YEREVAN—German Chancellor Angela Merkel arrived in Armenia on Aug. 23 for her first ever official visit. Upon arrival, Merkel visited the Armenian Genocide Memorial, Tsitsernakaberd.
“We understand what atrocities were committed against countless Armenians,” Merkel said after laying a wreath at the memorial. “This suffering should not and will not be forgotten.”
In June 2016, the German parliament passed a resolution recognizing the mass killing of Armenians by Ottoman Turks during World War I as genocide. It also acknowledged that Germany, a military ally of Ottoman Turkey, was complicit in the killings.
After meeting with Prime Minister Nikol Pashinian, Merkel highlighted “Armenia is a good example of how one can simultaneously cooperate with Russia and the European Union. Our relations are very good but can deepen further.”
Pashinian said that just like the former Armenian government his administration is committed to stepping up cooperation with the EU while remaining part of the Russian-led alliances and the Eurasian Economic Union (EEU) in particular. The Armenian foreign policy strategy is “totally understandable” to Berlin, he said.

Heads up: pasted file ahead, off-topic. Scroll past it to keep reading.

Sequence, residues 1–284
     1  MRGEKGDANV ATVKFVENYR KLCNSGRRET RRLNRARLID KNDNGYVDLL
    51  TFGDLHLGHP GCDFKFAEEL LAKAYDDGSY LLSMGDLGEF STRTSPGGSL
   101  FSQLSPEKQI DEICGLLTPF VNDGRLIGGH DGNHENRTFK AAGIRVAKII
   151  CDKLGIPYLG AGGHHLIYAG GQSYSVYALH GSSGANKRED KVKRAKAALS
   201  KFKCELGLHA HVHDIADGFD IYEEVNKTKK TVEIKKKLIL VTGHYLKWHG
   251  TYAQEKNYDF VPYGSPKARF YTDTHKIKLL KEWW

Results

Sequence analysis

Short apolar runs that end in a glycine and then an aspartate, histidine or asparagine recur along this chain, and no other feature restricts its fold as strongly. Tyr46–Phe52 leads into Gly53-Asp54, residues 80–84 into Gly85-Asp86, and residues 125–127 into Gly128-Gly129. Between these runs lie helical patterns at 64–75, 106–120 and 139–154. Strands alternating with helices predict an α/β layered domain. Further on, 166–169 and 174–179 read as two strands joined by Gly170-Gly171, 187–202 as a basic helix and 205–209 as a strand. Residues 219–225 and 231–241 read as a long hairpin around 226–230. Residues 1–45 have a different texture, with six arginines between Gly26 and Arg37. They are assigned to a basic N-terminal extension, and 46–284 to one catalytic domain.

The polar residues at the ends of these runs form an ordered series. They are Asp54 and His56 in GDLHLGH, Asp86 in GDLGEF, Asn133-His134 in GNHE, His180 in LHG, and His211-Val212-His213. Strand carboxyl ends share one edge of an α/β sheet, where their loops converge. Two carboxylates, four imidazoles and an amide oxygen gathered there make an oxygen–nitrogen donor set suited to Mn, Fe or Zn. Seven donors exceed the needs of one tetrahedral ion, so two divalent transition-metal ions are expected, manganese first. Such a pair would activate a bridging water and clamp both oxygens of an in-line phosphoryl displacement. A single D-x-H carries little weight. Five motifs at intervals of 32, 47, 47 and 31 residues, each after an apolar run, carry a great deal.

At his meeting with Merkel, Pashinian was reported to renew his calls for the EU to reward the new Armenian government’s ambitious reform agenda and anti-corruption efforts with greater financial assistance. Earlier this summer he criticized the EU for not rushing to do that.
More News from Armenia in Brief:
- Bilzerian gains Armenian citizenship. YEREVAN—Dan Bilzerian, internet celebrity and professional poker player with reported net worth of over $100 million, officially became an Armenian citizen on Monday, Aug. 27. Bilzerian’s brother, Adam, was with him and also took his Armenian citizenship oath. It was reported that both brothers had been granted citizenship in 2014, but that it was not official until the oath taking ceremony. The Bilzerian brothers can trace their roots back four generations to the village of Keserig in the Kharpert region.
- Additional Lake Sevan Release Proposed. YEREVAN—The Armenian Parliament approved this week a measure that will increase the draw from Lake Sevan to 210 million cubic meters of water. The current law mandates a maximum of 170 million cubic meters. Lake Sevan is a key source of irrigation water supplied to the fruit-growing Ararat Valley west and south of Yerevan through the Hrazdan river flowing out of it. Environmental groups have denounced the proposal. It claimed that the bulk of the additional water would only benefit hydroelectric stations and fish farms operating in the Ararat Valley. The measure was proposed by the Ministry of Agriculture. Agriculture Minister Artur Khachatrian warned of water shortages that could have “devastating” consequences for tens of thousands of farmers. “This solution may not be desirable but it has no alternative,” Khachatrian said at a cabinet meeting chaired by Prime Minister Nikol Pashinian. “We arrived at it as a result of lengthy joint discussions.” Government officials indicate that austerity measures over the past two months have reduced the need from 120 million to 40 million cubic meters, but that Lake Sevan offered the only solution at this point to close the gap.